Formerly, “absentee ballots” were for people not able to physically show up at a polling place on election day, like those in the military or living or traveling abroad. This has become a trivial distinction, and increasing numbers of people vote by mail for reasons of convenience or economy. Unfortunately President Trump has tried to link mail-in ballots with fraud, as if they are fundamentally different from absentee ballots (which he has referred to as “safe”). But such ballots are widely used by our overseas military forces. They are not different from any other mail-in ballot. And…“all ballots delivered to voters by mail are verified before they are counted.”3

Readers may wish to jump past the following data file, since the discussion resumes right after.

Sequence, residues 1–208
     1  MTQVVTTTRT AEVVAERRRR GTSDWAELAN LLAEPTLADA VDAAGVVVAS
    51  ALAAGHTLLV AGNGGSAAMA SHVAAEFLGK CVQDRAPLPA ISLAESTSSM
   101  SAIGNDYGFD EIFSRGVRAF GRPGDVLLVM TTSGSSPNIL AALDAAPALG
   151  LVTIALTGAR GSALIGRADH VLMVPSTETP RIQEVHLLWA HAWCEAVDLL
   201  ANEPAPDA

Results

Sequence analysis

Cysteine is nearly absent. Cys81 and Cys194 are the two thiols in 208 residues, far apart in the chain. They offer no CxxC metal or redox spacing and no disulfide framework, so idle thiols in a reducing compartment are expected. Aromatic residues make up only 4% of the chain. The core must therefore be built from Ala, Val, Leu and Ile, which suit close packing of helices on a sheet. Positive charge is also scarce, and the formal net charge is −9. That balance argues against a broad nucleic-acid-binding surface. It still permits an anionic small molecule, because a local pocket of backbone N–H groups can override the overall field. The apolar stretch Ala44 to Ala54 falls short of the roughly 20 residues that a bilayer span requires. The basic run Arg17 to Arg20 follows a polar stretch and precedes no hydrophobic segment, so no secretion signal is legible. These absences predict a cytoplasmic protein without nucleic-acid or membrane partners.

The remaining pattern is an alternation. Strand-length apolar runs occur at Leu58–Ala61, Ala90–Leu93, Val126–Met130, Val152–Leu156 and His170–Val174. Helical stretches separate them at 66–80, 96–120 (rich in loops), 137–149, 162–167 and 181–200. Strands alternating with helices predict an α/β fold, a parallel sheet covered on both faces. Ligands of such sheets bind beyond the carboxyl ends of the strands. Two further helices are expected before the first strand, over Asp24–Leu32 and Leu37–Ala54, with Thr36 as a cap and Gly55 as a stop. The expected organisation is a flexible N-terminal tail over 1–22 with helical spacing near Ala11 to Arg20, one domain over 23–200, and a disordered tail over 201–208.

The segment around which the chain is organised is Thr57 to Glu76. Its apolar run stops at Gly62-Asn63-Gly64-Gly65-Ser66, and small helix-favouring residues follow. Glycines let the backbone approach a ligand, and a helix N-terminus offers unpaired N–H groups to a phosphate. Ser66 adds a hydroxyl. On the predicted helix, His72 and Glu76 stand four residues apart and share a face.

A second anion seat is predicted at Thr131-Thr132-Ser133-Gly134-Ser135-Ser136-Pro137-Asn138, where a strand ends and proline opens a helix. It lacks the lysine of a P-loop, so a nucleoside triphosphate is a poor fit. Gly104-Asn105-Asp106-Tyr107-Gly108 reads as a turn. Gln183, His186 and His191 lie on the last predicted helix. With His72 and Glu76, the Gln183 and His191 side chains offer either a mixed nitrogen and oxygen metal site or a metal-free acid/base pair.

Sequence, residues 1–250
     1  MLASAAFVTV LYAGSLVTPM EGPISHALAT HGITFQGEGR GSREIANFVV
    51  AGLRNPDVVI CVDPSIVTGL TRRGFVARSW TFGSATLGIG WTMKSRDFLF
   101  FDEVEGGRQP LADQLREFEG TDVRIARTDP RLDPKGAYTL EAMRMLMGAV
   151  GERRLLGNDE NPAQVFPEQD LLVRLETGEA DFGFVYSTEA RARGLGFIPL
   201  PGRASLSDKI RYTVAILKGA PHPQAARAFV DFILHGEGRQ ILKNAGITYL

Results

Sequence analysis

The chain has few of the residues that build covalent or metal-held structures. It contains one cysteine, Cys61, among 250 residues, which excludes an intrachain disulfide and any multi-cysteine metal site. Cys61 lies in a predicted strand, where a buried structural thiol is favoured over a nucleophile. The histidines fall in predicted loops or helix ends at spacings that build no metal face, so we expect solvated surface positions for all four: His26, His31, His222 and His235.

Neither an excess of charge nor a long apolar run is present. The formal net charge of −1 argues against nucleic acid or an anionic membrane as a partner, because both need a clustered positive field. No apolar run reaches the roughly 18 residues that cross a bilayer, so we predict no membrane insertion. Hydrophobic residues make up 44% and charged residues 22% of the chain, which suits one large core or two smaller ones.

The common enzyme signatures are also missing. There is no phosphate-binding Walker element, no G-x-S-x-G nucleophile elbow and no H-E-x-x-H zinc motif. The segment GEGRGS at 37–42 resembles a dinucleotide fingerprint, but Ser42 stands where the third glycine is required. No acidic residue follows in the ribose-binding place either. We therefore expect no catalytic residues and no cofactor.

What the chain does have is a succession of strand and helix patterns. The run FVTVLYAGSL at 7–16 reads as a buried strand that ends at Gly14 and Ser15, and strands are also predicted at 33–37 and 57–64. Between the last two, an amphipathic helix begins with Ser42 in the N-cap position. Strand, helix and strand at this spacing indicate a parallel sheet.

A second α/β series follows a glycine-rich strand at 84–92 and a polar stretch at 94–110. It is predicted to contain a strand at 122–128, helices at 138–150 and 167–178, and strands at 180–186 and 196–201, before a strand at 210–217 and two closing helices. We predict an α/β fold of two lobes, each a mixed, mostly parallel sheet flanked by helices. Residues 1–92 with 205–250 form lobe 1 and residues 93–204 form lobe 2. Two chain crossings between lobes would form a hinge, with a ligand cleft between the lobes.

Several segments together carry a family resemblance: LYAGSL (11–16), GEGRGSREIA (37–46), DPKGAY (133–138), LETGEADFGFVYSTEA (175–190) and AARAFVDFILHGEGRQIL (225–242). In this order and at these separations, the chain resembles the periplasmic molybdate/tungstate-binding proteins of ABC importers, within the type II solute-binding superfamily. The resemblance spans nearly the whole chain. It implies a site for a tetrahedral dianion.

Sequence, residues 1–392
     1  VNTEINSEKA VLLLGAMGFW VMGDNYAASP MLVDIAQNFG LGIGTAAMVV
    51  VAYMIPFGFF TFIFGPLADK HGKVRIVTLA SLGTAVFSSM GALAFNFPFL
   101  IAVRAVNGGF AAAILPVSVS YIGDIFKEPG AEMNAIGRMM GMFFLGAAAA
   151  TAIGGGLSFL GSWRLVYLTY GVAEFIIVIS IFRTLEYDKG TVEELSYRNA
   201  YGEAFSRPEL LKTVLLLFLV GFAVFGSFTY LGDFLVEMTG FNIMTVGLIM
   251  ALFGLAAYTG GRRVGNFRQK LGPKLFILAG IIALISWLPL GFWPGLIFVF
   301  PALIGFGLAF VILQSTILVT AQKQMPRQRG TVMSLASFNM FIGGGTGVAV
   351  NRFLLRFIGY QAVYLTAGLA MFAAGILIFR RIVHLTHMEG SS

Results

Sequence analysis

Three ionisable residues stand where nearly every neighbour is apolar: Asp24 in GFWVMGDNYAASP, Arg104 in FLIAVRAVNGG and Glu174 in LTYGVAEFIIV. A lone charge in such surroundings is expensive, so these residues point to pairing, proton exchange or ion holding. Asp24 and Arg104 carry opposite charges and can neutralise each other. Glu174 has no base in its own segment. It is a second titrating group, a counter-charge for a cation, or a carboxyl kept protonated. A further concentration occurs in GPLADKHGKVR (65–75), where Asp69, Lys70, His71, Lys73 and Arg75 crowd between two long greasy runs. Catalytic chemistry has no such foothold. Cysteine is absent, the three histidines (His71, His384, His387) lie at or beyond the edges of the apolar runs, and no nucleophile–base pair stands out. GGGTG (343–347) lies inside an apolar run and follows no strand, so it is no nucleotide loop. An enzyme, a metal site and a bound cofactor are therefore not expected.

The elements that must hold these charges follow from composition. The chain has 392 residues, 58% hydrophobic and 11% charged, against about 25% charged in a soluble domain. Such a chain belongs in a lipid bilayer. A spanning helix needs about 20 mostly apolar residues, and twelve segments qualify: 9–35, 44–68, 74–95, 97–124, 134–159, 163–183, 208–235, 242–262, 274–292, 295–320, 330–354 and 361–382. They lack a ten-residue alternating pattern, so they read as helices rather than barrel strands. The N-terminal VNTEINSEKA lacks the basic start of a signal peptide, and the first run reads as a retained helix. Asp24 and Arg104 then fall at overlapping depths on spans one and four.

If you are not aware of the ballot return options in your state, learn them well in advance (although they are usually made clear in the material sent with your mail-in ballot).

Some states require only a postmark by election day, while others require receipt of the ballot itself by election day - a crucial difference. Some states have accessible secure drop-off boxes for ballots, making ballot return easy and reliable.

In 23 states this fall, a total of over half a million mail-in ballots were rejected. In some battleground states, this rate of rejection could make a difference in election outcome.1

The Washington Post suggests 6 steps you can take to make sure your mail-in ballot is counted:4

  1. Request your ballot early, if it is not mailed to you automatically.
  2. Read the instructions carefully, once you have your ballot. For several reasons, marking and returning a mailing ballot is more complicated than voting at a polling place. If you are confused about anything, contact local election officials to resolve the problem.